b) providing a substrate heated to a temperature sufficient to evaporate the gel solution contacted with the substrate;
c) spraying the silver vanadium oxide gel solution onto the heated substrate, the heated substrate serving to directly dehydrate the sprayed gel solution to form an anhydrous coating of silver vanadium oxide on the substrate; and
d) utilizing the anhydrous silver vanadium oxide as the cathode active material comprising the cathode of the electrochemical cell.
13. The method of claim 12 wherein the silver-containing component is selected from the group consisting of silver oxide, silver nitrate, silver metal, silver carbonate, and a combination thereof.
14. The method of claim 12 wherein the vanadium-containing compound is selected from the group consisting of a vanadium oxide salt, polyvanadic acid, vanadium pentoxide, and a combination thereof.
15. The method of claim 14 wherein the vanadium salt contains an alkali metal selected from the group consisting of lithium, sodium, and potassium.
16. The method of claim 12 wherein the vanadium-containing compound is vanadium pentoxide; and step a) further comprises, in providing the gel solution comprising the silver vanadium oxide, the addition of an alkali metal hydroxide containing an alkali metal selected from the group consisting of lithium, sodium, and potassium.
17. The method of claim 16 wherein the ratio of alkali metal:silver:vanadium in the mixed metal oxide is 0.0-0.10:0.90-1.0:2.0.
18. The method of claim 12 wherein the gel solution comprising the silver vanadium oxide is first diluted by addition of a suitable liquid prior to spraying onto the heated substrate to form the anhydrous coating of silver vanadium oxide on the substrate.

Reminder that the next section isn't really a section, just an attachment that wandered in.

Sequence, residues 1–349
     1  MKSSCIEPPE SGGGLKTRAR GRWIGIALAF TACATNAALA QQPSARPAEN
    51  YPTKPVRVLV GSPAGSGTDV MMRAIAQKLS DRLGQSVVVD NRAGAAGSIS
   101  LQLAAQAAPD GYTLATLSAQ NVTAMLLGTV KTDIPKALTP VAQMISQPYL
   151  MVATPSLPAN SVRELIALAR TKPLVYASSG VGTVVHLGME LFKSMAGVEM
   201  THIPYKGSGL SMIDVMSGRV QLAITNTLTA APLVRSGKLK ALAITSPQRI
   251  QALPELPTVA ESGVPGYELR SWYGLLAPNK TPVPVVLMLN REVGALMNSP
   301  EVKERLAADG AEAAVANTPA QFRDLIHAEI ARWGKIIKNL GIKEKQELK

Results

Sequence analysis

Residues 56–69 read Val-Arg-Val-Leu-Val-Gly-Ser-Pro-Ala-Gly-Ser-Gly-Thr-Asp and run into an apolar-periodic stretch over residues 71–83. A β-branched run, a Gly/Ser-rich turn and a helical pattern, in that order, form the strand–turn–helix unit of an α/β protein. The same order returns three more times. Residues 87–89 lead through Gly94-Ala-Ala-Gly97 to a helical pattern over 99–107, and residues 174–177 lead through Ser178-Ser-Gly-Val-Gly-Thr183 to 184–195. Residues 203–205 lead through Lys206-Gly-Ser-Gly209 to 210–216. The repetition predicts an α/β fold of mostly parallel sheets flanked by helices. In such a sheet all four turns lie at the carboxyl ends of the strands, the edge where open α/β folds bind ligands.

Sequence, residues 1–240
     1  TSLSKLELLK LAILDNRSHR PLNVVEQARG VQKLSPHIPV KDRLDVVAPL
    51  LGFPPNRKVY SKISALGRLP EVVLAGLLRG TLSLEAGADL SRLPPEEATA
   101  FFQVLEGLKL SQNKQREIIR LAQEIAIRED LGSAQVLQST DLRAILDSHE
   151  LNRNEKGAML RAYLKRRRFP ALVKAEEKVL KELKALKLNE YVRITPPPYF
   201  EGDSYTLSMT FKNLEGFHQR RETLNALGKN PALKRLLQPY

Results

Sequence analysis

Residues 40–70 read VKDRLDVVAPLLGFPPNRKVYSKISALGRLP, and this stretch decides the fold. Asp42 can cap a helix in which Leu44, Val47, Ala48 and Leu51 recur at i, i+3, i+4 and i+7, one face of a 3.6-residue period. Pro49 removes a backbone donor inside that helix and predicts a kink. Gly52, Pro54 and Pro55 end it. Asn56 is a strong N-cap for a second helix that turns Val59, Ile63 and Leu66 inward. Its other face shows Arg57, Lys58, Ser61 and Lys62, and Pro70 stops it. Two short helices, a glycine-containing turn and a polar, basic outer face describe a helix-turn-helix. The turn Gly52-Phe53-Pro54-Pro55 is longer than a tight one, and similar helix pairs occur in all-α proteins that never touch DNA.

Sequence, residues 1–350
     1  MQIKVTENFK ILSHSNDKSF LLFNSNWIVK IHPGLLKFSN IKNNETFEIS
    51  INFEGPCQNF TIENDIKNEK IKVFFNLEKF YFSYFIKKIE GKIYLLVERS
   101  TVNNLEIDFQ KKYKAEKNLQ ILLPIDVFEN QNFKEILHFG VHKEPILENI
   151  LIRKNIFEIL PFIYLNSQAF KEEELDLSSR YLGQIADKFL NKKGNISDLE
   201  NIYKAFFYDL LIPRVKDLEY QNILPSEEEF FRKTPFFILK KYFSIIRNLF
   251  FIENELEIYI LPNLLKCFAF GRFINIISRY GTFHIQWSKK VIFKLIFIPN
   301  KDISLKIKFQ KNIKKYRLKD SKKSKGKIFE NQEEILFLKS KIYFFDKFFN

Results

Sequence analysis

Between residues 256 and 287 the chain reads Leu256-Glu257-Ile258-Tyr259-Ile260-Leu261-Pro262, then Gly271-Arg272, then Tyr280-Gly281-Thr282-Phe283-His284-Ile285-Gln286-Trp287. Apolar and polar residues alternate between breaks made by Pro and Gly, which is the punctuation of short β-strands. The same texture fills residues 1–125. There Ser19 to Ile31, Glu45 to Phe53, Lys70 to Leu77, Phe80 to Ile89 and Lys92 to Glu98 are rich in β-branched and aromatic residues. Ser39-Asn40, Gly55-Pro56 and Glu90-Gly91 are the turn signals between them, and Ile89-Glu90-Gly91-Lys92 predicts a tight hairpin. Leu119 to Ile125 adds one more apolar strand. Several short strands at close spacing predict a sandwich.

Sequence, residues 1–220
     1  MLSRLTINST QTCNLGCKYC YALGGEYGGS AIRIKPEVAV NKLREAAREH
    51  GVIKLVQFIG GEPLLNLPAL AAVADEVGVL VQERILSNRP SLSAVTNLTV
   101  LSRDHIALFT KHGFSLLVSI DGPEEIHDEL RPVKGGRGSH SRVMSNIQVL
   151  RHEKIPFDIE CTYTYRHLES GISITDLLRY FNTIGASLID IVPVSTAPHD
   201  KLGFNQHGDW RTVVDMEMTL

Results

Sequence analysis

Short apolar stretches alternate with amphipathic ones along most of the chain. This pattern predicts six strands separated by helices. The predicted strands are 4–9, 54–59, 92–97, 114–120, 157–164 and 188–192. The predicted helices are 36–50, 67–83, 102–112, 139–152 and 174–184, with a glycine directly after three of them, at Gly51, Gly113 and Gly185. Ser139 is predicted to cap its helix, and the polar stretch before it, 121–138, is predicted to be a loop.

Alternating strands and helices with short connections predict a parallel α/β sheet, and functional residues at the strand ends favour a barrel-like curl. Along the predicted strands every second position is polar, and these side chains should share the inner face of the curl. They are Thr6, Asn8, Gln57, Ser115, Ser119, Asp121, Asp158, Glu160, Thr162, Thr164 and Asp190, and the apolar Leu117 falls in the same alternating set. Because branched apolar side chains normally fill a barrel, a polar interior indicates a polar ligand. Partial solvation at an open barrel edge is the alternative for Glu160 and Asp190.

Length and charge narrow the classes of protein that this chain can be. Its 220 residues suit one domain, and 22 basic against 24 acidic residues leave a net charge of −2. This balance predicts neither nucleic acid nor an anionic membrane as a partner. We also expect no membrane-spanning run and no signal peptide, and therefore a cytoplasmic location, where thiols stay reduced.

19. The method of claim 12 including providing the coating of silver vanadium oxide on the substrate having a thickness in the range of from between about 0.001 inches to about 0.008 inches.
20. The method of claim 12 wherein the cathode comprises from about 80 weight percent to about 99 weight percent of silver vanadium oxide.
21. The method of claim 12 including heating the substrate at a temperature ranging from between about 120 C. to about 400 C. while spraying the gel solution onto the substrate.
Description
CROSS REFERENCE TO A RELATED APPLICATION

This is a continuation of U.S. patent application Ser. No. 07/980,330, filed Nov. 23, 1992, abandoned.

BACKGROUND OF THE INVENTION

1. Field of the Invention

This invention relates to the manufacture of a lithium electrochemical cell or battery, and more particularly to a new and improved method of preparing silver vanadium oxide composite cathode material for high energy density batteries.

2. Prior Art

A solid cathode, liquid organic electrolyte lithium anode cell or battery has been used as the power source for implantable medical devices. The cathode of such a cell, or other alkali metal anode battery or cell, may have as active material carbon fluoride, a metal oxide, a metal oxide bronze such as silver vanadium oxide, or other suitable material as disclosed in U.S. Pat. No. 4,830,940 to Keister et al., which patent is assigned to the assignee of the present invention and which patent is incorporated herein by reference.

Typically, cathode material containing silver vanadium oxide, for use in a lithium cell or battery, may be prepared in two steps by thermally decomposing a vanadium salt to produce vanadium pentoxide. A decomposable metal salt, preferably containing silver, is added to the vanadium pentoxide and the mixture is oven-dried. Following drying, the mixture is mixed and ground to ensure homogeneity and is subsequently baked for a final heating/decomposition period. Depending on the starting materials used, this heating/decomposition period can result in the release of toxic by-product gases. For example, if silver nitrate is used as the silver source, nitrous oxide type gases may be formed. Upon cooling the baked material, it is blended with appropriate amounts of graphite powder to enhance conductivity, and binder material, and then pressed to form the cathode. Such a method is described in more detail in U.S. Pat. No. 4,310,609 to Liang et al., which patent is assigned to the assignee of the present invention and which patent is incorporated herein by reference.